news:zRYw4.77525$Cn1.1...@news5.giganews.com...

>
> I have to disagree -- at least as far as a Bell 206 is concerned (esp.
with
> the small tail rotor)
> All you have to do is have a brisk tailwind, hover slow, and turn
ight --
> presto!
> As the tail 'whups ' around when the tailwind catches it you will be in
LTE
> without loss of
> consciousness.
> Best be thinking at that point -- I know I was -- some of it unprintable.


I takeoff everyday at max gross weight in a Bell 206 and I have to tell you
it is the best little aircraft I have ever flown with a crosswind or
tailwind component while at a hover. I too believe the biggest problem with
LTE is poor control touch. Someone correct me if I am wrong but if I
remember correctly Bell does not even mention LTE in its operators manual.
It seems to be more of an Army issue.

Butch

Norm Melick

unread,
Mar 7, 2000, 3:00:00 AM3/7/00
to
Butch Grafton wrote:

> Someone correct me if I am wrong but if I
> remember correctly Bell does not even mention LTE in its operators > > manual.
> It seems to be more of an Army issue.
>
> Butch


I don't think you are wrong, but Bell Hurst has/had a video
on LTE that all students could view during their breaks in
training. It was put out by the Army, I think.

I can't grab my manual right away, but LTE was discussed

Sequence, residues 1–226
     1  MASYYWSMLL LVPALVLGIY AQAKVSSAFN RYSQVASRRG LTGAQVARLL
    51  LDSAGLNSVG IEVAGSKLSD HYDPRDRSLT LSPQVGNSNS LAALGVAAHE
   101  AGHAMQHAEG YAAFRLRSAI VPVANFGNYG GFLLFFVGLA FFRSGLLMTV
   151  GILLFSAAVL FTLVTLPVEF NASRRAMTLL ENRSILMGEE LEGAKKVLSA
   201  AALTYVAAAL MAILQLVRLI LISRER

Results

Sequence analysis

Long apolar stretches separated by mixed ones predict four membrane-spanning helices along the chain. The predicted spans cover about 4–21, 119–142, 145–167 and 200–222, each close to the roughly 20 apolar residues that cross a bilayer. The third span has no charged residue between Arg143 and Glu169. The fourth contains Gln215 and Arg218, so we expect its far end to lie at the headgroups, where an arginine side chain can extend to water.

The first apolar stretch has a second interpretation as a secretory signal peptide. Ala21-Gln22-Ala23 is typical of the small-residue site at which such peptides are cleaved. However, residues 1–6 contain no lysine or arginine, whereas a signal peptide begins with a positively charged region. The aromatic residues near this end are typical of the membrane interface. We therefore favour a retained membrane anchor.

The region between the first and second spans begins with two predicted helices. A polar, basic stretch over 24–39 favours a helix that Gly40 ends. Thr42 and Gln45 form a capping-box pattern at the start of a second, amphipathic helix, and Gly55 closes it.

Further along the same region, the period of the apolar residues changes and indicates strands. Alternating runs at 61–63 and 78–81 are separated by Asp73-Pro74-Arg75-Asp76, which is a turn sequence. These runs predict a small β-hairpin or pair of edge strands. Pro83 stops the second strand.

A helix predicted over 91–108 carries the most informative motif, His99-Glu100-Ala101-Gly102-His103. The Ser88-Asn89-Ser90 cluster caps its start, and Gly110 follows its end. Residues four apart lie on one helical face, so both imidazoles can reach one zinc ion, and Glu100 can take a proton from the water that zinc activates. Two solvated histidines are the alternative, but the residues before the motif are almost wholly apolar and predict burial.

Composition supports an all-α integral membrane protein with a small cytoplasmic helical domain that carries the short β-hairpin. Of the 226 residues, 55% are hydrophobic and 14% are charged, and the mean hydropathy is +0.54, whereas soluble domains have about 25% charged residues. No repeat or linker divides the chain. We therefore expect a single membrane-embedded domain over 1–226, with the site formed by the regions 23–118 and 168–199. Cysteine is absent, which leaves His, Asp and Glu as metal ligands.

during my initial and re-current training.


Norm

Shaber CJ

unread,
Mar 7, 2000, 3:00:00 AM3/7/00
to
>
>> Someone correct me if I am wrong but if I
>> remember correctly Bell does not even mention LTE in its operators > >
>manual.

Bell does mention LTE in the manual and it is an important compoente when
checking out in a 206, at least where i learned.

Walter Hawn

unread,
Mar 7, 2000, 3:00:00 AM3/7/00
to
This must be a function of the little tail rotor. I've 10's of
thousands of takeoffs, in 206's at all weights, winds and loads. Never
once had one even start to depart from control. All with the big fan in
back.
On the other hand, the scenario described seems to be a perfect setup
for the event. 206's are not perfect, just very good honest little
birds. The large tail rotor is installed for a reason.
180 Walt

Butch Grafton

unread,
Mar 7, 2000, 3:00:00 AM3/7/00
to

"John Eacott" <eac...@helicopterservice.com.au> wrote in message
news:wTex4.1$uf7...@vic.nntp.telstra.net...
> Butch,
>
> LTE references from Bell:
>
> Rotor Breeze Jul/August 1984
> Operational Safety Notice OSN 206-83-10 Oct 1983
> Information letter 206-84-41/206L-84-27 July 1984
>
>
> --
> John Eacott
> The Helicopter Service Australia
> www.helicopterservice.com.au
>

But did they ever place it in an operators manual? I know our Bell manuals
do not mention it but the Army's rewritten version does.

Butch

Seay

unread,
Mar 7, 2000, 3:00:00 AM3/7/00
to

"Walter Hawn" <weave...@worldnet.att.net> wrote in message
news:38C50A4C...@worldnet.att.net...

http://weather.noaa.gov/weather/current/KLBB.html
current windWSW at 39mph gusting to 50mph
bring your big'ol tailrotor on down and give it a
downwind hover try at LTE.
(results may vary)
Hehe

John Eacott

unread,
Mar 8, 2000, 3:00:00 AM3/8/00
to

Butch Grafton <1but...@snowhill.com> wrote in message
news:38c46895$1...@news.snowhill.com...

>
> I takeoff everyday at max gross weight in a Bell 206 and I have to tell
you
> it is the best little aircraft I have ever flown with a crosswind or
> tailwind component while at a hover. I too believe the biggest problem
with
> LTE is poor control touch. Someone correct me if I am wrong but if I

> remember correctly Bell does not even mention LTE in its operators manual.